Blockchain technology and where it came from
Many people equate blockchain with Bitcoin. But there’s quite a bit more than Bitcoin to the technology. Here we shed some light on the basic facts.
- Blockchain is a technology to verify and record information
- It requires no central authority
- It is extremely difficult to tamper with
Blockchain is strongly associated with the first cryptocurrency, Bitcoin, created in 2009 by an unidentified individual or group operating under the pseudonym Satoshi Nakomoto. In fact, the technology dates back to 1991, when the two pioneering cryptographers W. Scott Stornetta and Stuart Haber published the paper “How to Time-Stamp a Digital Document.”
Removing the need for trust
In the course of their research aimed at creating a tamper-proof digital ledger for legal documents, Stornetta and Haber hit on a promising solution, but soon called it “naïve.” It was a “digital safety-deposit box” able to record the date and time a document was created and also store a copy of it. But the solution relied on a central authority, which meant that trust in that authority was a prerequisite. “Nothing in this scheme prevents the time-stamping service from colluding with a client,” Stornetta and Haber wrote.
Only a system that required no trusted central institution could be truly tamper-proof, they determined. This ultimately led them to the concept of a distributed, self-reliant ledger that would generate an immutable transaction trace and multiply it across systems – making authentication a question of consensus, not trust.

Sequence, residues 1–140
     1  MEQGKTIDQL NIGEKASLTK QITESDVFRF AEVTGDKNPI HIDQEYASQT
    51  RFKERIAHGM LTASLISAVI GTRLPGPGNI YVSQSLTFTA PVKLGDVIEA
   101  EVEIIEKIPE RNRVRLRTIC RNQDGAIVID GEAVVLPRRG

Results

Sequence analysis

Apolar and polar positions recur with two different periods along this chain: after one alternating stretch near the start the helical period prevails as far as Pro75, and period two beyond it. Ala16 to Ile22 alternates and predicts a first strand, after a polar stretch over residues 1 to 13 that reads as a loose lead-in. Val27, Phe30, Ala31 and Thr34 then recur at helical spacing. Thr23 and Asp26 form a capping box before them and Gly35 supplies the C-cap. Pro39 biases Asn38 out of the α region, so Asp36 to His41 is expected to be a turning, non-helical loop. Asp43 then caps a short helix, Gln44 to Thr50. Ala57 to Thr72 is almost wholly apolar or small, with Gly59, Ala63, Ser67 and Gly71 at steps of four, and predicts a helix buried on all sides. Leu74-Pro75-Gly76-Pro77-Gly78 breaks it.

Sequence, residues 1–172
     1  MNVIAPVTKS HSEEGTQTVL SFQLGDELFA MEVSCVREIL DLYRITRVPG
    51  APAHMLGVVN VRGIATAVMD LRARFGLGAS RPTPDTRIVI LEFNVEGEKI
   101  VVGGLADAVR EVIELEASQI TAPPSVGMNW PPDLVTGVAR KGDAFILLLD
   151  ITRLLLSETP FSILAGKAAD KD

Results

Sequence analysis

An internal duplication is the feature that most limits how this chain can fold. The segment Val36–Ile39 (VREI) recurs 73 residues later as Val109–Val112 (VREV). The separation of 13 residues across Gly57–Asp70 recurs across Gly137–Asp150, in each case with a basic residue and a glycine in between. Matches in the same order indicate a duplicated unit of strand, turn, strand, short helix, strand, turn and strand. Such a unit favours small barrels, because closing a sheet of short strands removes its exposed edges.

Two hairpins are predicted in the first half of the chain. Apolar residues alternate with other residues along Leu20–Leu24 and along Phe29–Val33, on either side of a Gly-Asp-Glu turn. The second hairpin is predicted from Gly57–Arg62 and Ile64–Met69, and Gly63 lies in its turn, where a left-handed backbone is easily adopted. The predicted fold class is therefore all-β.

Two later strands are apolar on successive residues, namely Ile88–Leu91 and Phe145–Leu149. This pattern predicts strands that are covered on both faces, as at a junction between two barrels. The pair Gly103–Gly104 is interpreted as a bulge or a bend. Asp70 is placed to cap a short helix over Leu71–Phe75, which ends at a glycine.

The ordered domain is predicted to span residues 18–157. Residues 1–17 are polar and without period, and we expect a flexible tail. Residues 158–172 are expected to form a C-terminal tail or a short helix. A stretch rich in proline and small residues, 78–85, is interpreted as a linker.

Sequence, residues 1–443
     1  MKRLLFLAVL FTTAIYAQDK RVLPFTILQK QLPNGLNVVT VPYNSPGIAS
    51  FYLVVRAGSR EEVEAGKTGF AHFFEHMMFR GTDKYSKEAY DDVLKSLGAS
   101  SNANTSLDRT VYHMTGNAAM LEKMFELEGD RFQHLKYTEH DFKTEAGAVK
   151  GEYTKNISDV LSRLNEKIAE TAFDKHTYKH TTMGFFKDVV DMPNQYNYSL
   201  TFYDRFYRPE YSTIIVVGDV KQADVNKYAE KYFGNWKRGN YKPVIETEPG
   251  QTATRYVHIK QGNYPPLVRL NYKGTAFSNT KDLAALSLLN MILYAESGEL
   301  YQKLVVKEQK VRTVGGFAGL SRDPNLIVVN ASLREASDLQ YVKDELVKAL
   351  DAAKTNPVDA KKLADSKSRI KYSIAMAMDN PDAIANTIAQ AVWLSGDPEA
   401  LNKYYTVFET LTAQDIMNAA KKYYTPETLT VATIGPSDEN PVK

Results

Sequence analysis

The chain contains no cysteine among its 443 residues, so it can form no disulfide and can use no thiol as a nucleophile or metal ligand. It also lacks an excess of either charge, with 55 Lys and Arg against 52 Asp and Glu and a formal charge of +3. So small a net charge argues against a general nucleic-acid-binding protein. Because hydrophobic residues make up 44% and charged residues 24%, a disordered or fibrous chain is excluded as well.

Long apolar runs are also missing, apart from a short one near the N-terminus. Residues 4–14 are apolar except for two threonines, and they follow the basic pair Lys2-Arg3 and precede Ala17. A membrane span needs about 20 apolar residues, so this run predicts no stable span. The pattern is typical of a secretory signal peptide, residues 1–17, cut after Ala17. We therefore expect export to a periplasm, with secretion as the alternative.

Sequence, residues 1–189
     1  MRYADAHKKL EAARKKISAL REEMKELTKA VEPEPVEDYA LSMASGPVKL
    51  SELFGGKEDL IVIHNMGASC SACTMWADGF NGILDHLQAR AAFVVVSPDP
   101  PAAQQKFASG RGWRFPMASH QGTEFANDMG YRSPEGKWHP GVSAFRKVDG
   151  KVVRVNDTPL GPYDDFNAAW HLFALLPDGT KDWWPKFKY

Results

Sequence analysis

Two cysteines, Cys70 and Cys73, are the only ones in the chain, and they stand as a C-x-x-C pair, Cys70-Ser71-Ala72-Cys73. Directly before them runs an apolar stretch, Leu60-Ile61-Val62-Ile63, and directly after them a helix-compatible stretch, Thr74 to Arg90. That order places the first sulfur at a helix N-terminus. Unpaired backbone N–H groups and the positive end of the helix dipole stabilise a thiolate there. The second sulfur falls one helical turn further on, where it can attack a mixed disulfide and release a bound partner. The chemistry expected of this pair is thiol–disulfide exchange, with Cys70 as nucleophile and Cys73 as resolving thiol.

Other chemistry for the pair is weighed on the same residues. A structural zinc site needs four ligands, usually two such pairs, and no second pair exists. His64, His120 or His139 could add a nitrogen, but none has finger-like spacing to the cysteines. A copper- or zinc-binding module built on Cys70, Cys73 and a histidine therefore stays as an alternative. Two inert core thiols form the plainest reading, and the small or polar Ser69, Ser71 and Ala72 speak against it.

The idea detailed in the white paper gained little traction until the financial meltdown of 2008. It was then that the mysterious individual or group Satoshi Nakomoto issued the white paper “Bitcoin: A Peer-to-Peer Electronic Cash System,” proposing a digital currency based on the distributed ledger concept. This digital money would require no central bank and no intermediaries.
The term “blockchain,” which was coined in 2011, refers to a string of linked blocks of digital information. Satoshi Nakomoto’s paper used the words “block” and “chain” separately. Each block is made up of three parts:
- A unique code that distinguishes it from other blocks. This code, termed a “hash,” could be compared to the serial number on a banknote or a person’s fingerprint.
- Transaction information like date, time and the amount transacted.
- Encrypted information on the parties involved in the transaction.
Each time a transaction takes place, the block is linked to the next block by means of a cryptographic signature. A chain of blocks – a blockchain – forms, which serves as a distributed ledger, a consensus of replicated, shared and synchronized digital data spread across multiple sites, countries and/or institutions. This ledger can be shared and accessed by anyone with the appropriate authorization. Each computer operating within the blockchain network makes its own copy of the entire chain. This results in thousands – in the case of Bitcoin, millions – of replications of a given blockchain. The fact that the identical blockchain is spread across a huge network of computers makes the information very difficult to manipulate. A hacker would need to somehow access and tamper with every single copy of the blockchain on the network.
Blockchain in action
When a person makes a transaction using a blockchain-based cryptocurrency, computers in the blockchain network in question race to verify that transaction. Running special software, users seek to solve a complex mathematical problem and create the hash referred to above. The chances of guessing the correct solution to the mathematical problem are approximately one in six trillion.
In essence, blockchain is a record-keeping technology, true to the original concept published in 1991. Cryptocurrency is only one of many applications – and the list keeps growing.